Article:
The Ongoing Gaming Divide
Love him or loathe him, Gevlon has been a fixed constant in the video games blogging community for over a decade. But he has recently seen fit to hang up his spurs and is no longer going to be maintaining his blog. Fair enough, if you see no value in what you do or feel that your pastime is no longer what it used to be, then I understand moving on. Gevlon likes games that offer challenge and then enjoys trying to find the formula for success. Many gamers do this enjoying coming to grips with a competitive game, mastering the underlying systems and then excelling in their gameplay. However, that is not the only approach to video games. Sadly Gevlon has always maintained a somewhat binary view on the subject and he cannot see beyond his own interpretations of what gaming is. The world has moved on and he has not. It is ultimately immaterial whether he or other gamers care for this or not. Life is predicated upon change and it happens in every aspect of our lives. Leisure activities included.
The evolution of video games from the seventies to the present day is a tale of a niche, hardcore pastime slowly becoming more widely popular. The arrival of online gameplay offered social interaction and a new approach to competitive gameplay. Yet increasing popularity has attracted money and this has often made gaming about adapting to what is popular and sells, thus moving away from previously established conventions. Plus there are multiple generations of gamers who have had differing experiences determined by what time they adopted this leisure activity. The first generation of MMO players have had their perspective shaped by the likes of Ultima Online. Those playing The Elder Scrolls Online today are being shaped by a very different game environment and set of rules. Plus so many gaming terms, labels and definitions have changed. The net result is that the term gamer is a very broad church and doesn’t really indicate anything more than a penchant for playing games. The same way that being a reader doesn’t say anything about what you read or enjoying music indicates the subtleties of your personal taste.
It is very hard to try and quantify gaming and break it down into clearly delineated groups and parts. One of the major handicaps of writing about this pastime is that you often have to speak in broad generalisations and prefix your points with caveats and contextualisation. For example, the overall point of this post is to highlight that there is a gaming divide. There are those who play as a test of skill, for competitive reasons and personal achievement. You can argue that these are similar motives to those who play sports. Then there are those who game more as a social and recreational activity, who feel that it is “the journey and not the destination”, so to speak. Yet both these two points are far too definitive and don’t hold up to close scrutiny. Gaming is not a Venn Diagram made up of just two intersecting circles but potentially hundreds. However, from a business point of view, such a diversity and complexity of player needs and preferences, makes it hard to create a product that satisfies the majority.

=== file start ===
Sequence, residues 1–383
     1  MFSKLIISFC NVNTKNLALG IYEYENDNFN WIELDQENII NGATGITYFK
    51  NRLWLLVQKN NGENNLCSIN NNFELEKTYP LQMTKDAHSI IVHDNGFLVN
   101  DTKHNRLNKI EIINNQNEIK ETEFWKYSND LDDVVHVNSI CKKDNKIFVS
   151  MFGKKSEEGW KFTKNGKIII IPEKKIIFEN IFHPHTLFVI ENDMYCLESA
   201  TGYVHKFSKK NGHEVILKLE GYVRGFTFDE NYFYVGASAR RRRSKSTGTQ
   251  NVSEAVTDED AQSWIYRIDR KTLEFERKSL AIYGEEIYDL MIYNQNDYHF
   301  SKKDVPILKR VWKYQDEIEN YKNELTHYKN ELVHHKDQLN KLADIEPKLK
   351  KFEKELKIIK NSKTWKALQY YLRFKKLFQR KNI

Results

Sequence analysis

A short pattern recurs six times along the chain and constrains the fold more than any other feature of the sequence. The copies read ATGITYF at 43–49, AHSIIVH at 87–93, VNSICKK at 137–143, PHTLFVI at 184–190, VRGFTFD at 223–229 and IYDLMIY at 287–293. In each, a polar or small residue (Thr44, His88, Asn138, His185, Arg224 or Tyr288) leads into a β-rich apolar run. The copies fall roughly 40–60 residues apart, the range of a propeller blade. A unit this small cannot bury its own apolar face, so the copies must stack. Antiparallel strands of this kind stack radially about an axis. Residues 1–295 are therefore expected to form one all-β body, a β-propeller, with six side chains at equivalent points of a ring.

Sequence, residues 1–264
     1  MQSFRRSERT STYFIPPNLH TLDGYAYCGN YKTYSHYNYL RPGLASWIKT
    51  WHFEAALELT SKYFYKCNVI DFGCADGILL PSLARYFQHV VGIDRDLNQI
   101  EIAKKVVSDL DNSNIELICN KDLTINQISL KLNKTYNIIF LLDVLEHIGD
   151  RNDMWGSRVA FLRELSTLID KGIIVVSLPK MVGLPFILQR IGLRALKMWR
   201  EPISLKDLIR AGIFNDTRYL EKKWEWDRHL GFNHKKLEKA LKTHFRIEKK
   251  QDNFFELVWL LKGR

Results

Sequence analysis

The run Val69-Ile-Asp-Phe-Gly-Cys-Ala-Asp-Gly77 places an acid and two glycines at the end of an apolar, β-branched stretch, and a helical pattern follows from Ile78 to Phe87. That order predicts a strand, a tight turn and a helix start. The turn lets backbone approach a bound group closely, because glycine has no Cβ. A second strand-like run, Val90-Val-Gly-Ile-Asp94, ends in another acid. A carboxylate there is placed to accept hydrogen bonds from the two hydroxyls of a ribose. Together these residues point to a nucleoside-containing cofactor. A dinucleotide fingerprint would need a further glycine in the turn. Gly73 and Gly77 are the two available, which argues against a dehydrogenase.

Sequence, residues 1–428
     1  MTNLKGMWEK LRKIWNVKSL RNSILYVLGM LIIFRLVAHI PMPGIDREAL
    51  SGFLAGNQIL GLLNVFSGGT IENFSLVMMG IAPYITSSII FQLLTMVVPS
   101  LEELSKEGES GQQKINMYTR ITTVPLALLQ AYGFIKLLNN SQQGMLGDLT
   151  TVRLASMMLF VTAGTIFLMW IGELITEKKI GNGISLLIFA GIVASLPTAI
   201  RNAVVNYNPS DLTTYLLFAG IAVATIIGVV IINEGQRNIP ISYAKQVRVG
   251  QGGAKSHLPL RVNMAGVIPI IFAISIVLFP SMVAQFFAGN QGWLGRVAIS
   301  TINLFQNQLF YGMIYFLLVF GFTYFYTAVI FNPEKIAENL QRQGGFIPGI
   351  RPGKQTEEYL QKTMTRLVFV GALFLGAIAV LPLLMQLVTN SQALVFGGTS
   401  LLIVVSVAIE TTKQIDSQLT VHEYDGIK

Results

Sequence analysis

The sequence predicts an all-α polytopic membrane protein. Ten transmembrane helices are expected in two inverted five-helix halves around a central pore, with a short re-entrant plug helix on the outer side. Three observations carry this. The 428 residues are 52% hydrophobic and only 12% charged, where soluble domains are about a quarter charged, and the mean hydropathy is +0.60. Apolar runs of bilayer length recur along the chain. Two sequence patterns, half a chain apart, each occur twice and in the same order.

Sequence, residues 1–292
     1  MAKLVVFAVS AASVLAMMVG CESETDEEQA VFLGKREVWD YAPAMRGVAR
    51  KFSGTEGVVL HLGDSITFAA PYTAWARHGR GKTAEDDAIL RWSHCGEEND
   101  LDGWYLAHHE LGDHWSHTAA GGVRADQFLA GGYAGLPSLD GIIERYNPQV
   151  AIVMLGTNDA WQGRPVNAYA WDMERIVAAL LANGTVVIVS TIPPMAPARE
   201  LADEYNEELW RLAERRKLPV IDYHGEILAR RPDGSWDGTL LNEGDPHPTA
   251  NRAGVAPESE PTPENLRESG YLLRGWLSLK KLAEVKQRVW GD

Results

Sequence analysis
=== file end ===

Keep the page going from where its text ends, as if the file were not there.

Overall, I believe there is an established gaming divide, although it is currently framed in very broad and not entirely accurate terms. This matter is further compounded by the current culture of “pigeonholing” and the general partisan nature of culture and politics that exist at the moment. I don’t have a lot of sympathy for video games publishers as they are pretty much in the same category of bankers and estate agents. All are group that compound and exploit the problems associated with their field of work, rather than address them. But I do understand the frustration that game developers must constantly encounter. There is never an overall consensus and every point regarding a game system or mechanic is frequently hotly contested. Plus because developers don’t hold the purse strings, they are often compelled to pursue what is popular, or proven to sell, over innovation and following their own creative leads. It seems that the commercial success of gaming is actively contributing to the gaming divide.
Returning to the matter of the disgruntled games blogger who is unable or unwilling to change and adapt to the new reality of the video games market, I think it highlights the folly of untempered fandom and any other social, political or cultural dogma. Change is a reality in our daily lives, and we seems as a society to cope with it fairly well (although that is now becoming debatable). Yet I suppose everyone has, or potentially has, a blind spot for something or other, and when they encounter it, make it the hill they’re prepared to die on. I guess it all comes down to a choice. There are several big budget games scheduled for release this year, that fall outside of my personal tastes. However, I do not see this as a problem, the same way I don’t resent all the products in my local supermarket that I don’t care for. There are still games that I like in existence and being developed. But I have never understood the mindset that dislikes what others enjoy, as if that is the sole reason why their needs are seemingly neglected. But again this is something that is becoming more prevalent both in gaming and wider culture. The net result of this outlook further exasperates the divisions in gaming, making the matter a cyclical problem.